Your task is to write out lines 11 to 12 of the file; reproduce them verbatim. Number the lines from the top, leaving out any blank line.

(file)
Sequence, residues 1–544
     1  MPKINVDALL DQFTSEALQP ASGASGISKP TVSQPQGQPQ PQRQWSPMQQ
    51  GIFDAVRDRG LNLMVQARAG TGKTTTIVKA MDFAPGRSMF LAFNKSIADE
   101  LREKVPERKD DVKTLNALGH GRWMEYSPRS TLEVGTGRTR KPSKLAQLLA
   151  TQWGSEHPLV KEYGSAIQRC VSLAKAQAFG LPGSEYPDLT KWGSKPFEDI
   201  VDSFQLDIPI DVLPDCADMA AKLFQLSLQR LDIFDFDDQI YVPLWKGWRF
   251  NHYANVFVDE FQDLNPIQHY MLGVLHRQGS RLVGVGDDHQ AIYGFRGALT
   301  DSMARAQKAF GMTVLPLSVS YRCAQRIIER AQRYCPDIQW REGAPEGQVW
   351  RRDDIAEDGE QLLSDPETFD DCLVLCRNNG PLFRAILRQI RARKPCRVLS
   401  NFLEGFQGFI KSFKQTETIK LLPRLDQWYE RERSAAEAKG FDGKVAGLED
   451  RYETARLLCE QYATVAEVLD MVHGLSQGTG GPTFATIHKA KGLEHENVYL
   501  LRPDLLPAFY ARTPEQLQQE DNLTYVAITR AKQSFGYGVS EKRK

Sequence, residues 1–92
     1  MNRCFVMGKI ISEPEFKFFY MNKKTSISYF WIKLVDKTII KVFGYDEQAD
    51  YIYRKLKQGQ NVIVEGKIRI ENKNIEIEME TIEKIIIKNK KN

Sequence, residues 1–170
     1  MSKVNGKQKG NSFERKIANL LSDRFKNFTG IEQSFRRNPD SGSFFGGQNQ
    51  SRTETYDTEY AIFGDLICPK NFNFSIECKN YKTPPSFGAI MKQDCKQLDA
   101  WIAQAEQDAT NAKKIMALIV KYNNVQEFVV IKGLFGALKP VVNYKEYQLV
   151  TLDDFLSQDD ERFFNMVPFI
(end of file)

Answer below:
   451  RYETARLLCE QYATVAEVLD MVHGLSQGTG GPTFATIHKA KGLEHENVYL
   501  LRPDLLPAFY ARTPEQLQQE DNLTYVAITR AKQSFGYGVS EKRK